Ambassador Karen Stewart

We made sure to get ideas from you on the next session of the Human Rights Council. We ensure . defamation of religions has been a big issue for some time and so that is of great concern to us and we will be working on all ways to try and fend that off. I hope we can be creative. Any ideas you have later on we would welcome.

Peggy Hicks, Human Rights Watch

On defamation of religions, I didn't mention it on the Durban side but we feel strongly that there is a contradiction in the US position on the Durban Review. The key way to make sure that the current Durban text doesn't include defamation of religions is that the original Declaration didn't have that issue in it. Pakistan acknowledges this and knows they will have to give up because of that. The problem is that the US position would reopen the terms of the Durban document and once you reopen it to take out references to the Middle East then you open the door to say new things have to be put into it. To follow up on Susan Myers, while I understand the negotiated position is that you want bottom lines to have, if we expect moderate states to work on a new document then to go on record saying "those are the red lines and it is only an acceptable document that meets all those conditions" is very difficult to achieve and will put states in an unworkable position and take us off track in a way that I hope your office doesn't do.


The following table summarizes the organizations' responses to the U.S. State Department's stated conditions for participating in Durban II.

U.S. State Department stated conditions for participating in Durban II Human Rights Watch response to U.S. conditions for participating in Durban II UN Association - USA response to U.S. conditions for participating in Durban II UN Foundation response to U.S. conditions for participating in Durban II What this cabal will devise in negotiations now underway in Geneva
(1) not unequivocally reaffirming the Durban Declaration and Programme of Action Don't like any firm American bottom lines. A declaration of "this way or no way" becomes very problematic Don't like any firm American bottom lines. Could essentially box in the administration .it could undercut the ability of the US to reengage. ?
(2) no references to one country or a single conflict [ed. - Israel, Middle East] Disagree That it [ed. the final outcome of Durban II] cannot contain any reference to a single country or conflict, referring to the Middle East peace process and conflict is very problematic. And basically my understanding is that a group of moderate states would work with the US to draft a simpler document, but if the US is going on record saying that any reference to the Middle East conflict is unacceptable, then we're setting a standard that is unachievable. The problem is that the US position would reopen the terms of the Durban document and once you reopen it to take out references to the Middle East.[it] is very difficult to achieve and will put states in an unworkable position. Disagree I agree with Peggy [ed. Human Rights Watch]. We now must show a different pattern of U.S. response to such controversial issues.Don't like any firm American bottom lines. A declaration of "this way or no way" becomes very problematic. Don't like any firm American bottom lines. Could essentially box in the administration .it could undercut the ability of the US to reengage. ?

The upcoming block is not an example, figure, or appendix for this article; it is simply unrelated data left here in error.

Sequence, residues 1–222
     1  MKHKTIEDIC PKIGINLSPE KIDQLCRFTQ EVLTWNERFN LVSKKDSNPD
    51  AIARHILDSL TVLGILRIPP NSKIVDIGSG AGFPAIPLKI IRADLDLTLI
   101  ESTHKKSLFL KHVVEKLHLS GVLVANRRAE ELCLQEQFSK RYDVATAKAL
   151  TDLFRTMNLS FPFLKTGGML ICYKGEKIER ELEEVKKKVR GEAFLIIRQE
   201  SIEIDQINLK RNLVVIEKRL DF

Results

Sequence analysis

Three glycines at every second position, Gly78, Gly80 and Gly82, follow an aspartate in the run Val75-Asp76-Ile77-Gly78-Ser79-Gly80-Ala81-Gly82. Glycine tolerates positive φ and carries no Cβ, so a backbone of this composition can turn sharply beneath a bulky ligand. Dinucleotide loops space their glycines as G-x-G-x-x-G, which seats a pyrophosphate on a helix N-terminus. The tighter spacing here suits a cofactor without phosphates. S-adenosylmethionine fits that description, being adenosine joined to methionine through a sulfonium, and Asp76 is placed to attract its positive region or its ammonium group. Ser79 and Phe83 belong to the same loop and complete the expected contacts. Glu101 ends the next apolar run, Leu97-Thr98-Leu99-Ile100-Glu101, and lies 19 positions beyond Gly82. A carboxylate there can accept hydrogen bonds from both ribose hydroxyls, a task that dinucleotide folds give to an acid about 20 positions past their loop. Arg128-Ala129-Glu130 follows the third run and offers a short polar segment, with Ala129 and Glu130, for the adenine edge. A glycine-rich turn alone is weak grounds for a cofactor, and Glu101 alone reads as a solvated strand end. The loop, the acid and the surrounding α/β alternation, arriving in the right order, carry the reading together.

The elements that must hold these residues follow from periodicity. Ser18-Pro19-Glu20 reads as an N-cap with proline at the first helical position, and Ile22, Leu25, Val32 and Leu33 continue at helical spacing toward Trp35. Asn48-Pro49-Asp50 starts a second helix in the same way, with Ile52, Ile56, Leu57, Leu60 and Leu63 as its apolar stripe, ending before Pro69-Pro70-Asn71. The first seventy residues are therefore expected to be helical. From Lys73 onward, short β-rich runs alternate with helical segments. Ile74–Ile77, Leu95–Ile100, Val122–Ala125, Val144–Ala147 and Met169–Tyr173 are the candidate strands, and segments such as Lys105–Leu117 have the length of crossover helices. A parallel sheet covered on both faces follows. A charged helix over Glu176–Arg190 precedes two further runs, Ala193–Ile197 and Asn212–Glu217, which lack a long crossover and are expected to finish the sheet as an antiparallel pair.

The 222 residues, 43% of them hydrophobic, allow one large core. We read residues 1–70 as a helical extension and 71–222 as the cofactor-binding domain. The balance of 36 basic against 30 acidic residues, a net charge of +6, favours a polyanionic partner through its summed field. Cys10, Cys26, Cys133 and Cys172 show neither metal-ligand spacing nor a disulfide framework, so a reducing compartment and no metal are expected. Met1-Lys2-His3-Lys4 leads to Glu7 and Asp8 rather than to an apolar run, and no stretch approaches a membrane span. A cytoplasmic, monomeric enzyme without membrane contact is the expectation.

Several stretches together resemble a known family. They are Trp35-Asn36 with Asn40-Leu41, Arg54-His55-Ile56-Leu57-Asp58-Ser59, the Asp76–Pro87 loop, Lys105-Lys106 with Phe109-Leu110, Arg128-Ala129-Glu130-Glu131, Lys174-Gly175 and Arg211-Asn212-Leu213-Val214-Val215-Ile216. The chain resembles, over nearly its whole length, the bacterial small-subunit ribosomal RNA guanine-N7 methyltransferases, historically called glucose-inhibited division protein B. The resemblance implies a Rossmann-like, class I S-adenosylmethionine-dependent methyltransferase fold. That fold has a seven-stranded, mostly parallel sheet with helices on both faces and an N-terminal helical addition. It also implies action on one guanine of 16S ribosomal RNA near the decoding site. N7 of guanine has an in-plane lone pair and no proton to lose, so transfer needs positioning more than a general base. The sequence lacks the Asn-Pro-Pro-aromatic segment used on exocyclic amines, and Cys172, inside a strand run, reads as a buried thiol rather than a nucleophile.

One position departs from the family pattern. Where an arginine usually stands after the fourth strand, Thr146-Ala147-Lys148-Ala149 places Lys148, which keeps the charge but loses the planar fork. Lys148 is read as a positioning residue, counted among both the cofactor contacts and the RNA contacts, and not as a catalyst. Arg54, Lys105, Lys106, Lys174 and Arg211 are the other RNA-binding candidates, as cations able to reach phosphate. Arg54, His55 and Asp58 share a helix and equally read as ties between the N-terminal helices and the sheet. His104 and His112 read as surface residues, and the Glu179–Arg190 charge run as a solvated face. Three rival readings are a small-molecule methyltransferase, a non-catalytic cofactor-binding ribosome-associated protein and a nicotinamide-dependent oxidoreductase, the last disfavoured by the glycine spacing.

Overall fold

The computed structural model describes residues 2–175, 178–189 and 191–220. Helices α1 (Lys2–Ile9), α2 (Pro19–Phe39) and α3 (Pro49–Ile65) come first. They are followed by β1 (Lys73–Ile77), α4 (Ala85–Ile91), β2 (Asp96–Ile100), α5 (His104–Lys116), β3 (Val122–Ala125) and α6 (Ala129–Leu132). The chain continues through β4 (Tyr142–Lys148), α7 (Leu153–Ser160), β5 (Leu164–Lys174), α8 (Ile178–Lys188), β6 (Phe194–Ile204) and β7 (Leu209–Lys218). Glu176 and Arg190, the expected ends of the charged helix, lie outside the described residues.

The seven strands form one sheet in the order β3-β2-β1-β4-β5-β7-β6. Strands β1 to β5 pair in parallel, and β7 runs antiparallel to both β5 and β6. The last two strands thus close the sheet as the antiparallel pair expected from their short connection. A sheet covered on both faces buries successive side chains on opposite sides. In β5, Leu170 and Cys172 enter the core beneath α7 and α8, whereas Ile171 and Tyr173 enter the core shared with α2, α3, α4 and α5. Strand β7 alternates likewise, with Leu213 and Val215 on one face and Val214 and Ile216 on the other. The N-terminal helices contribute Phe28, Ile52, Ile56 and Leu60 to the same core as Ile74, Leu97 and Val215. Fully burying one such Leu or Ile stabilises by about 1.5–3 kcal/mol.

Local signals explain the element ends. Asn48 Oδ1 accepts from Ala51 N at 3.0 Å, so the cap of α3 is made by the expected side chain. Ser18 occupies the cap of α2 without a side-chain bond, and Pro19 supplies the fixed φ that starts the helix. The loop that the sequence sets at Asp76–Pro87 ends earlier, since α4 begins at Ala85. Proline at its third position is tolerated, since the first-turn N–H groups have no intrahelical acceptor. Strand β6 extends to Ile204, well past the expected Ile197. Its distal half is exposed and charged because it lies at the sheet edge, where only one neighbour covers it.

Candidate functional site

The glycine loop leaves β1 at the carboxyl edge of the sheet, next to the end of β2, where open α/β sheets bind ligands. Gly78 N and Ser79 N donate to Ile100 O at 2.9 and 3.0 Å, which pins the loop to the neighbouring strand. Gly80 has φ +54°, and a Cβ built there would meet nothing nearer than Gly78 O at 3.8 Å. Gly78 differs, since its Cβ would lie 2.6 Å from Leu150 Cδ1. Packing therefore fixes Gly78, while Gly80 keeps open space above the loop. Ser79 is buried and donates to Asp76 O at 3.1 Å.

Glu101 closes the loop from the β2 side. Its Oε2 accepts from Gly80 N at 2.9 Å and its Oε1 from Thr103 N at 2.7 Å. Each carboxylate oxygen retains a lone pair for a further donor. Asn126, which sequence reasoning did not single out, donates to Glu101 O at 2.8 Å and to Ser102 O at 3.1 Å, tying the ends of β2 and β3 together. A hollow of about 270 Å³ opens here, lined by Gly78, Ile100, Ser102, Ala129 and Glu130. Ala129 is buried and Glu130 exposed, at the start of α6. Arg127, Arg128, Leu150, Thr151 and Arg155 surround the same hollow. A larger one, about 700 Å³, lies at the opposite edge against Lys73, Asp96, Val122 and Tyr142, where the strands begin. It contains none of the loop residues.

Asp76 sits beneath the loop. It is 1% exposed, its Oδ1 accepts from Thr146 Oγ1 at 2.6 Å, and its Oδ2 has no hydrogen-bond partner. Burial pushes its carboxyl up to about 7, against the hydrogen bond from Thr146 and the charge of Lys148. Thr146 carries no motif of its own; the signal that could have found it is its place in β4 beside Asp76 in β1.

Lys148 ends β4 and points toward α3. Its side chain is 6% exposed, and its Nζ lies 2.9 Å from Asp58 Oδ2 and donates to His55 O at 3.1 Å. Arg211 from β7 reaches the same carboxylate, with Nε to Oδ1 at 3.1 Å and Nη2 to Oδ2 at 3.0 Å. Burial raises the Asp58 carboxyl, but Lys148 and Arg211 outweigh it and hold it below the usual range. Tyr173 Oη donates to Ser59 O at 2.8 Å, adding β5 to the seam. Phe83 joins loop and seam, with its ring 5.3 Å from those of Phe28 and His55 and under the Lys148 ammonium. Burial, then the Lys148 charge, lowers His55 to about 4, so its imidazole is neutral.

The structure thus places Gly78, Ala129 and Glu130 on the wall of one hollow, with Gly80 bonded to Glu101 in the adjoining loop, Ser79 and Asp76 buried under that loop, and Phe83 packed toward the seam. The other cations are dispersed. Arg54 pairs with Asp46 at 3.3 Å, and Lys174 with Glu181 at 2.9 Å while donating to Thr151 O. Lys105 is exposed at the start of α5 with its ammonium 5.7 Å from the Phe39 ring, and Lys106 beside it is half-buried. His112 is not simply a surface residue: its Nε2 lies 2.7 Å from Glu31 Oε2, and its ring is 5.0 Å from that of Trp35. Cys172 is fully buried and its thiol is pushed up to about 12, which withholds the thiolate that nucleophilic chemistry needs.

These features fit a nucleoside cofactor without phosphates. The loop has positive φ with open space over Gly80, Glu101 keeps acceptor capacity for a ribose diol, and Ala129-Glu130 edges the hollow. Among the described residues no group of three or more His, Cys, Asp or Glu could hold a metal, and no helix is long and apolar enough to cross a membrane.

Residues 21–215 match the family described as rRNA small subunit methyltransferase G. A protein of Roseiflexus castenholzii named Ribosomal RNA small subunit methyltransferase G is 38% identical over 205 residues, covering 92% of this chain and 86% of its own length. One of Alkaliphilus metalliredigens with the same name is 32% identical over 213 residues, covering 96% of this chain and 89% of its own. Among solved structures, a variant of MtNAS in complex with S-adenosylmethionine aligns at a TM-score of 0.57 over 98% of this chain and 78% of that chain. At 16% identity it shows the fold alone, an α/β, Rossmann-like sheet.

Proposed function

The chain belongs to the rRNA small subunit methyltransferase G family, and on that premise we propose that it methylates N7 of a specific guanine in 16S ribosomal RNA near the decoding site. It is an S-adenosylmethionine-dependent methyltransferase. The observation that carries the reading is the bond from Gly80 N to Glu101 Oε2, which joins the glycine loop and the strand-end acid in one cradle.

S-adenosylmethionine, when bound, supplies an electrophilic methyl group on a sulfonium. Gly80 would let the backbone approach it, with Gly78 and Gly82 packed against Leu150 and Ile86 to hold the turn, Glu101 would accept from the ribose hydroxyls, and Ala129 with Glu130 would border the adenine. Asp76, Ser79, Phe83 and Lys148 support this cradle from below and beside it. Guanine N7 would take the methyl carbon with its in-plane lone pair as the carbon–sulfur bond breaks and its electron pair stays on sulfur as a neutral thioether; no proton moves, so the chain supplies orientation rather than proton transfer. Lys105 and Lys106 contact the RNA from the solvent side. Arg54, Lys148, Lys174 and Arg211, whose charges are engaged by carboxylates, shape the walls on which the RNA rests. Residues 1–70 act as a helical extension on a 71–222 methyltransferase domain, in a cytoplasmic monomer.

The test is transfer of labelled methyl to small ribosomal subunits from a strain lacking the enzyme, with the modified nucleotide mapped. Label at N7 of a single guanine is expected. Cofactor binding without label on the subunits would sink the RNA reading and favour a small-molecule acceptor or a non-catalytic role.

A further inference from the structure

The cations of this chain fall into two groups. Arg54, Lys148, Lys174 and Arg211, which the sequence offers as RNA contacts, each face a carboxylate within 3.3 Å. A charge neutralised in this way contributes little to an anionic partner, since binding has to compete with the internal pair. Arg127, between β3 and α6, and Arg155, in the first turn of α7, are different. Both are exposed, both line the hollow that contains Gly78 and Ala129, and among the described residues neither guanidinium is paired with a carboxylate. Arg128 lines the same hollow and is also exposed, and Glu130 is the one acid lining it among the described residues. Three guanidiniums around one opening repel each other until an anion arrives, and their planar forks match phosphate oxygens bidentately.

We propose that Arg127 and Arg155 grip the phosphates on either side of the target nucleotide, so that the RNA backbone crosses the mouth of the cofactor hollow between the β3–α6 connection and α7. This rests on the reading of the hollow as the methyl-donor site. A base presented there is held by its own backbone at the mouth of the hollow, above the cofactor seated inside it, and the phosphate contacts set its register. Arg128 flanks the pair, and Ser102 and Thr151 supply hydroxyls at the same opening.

(3) "defamation of religions" - [ed. concept must be taken out] Agree take out. Don't like any firm American bottom lines. A declaration of "this way or no way" becomes very problematic. Don't like any firm American bottom lines. Could essentially box in the administration .it could undercut the ability of the US to reengage. ?
(4) not go further than the Durban Declaration on reparations for slavery Don't like any firm American bottom lines. A declaration of "this way or no way" becomes very problematic. Don't like any firm American bottom lines. Could essentially box in the administration .it could undercut the ability of the US to reengage. ?

For a complete source of information on Durban II

EYEontheUN monitors the UN direct from UN Headquarters in New York. EYEontheUN brings to light the real UN record on the key threats to democracy, human rights, and peace and security in our time. EYEontheUN provides a unique information base for the re-evaluation of priorities and directions for modern-day democratic societies.


Morton Klein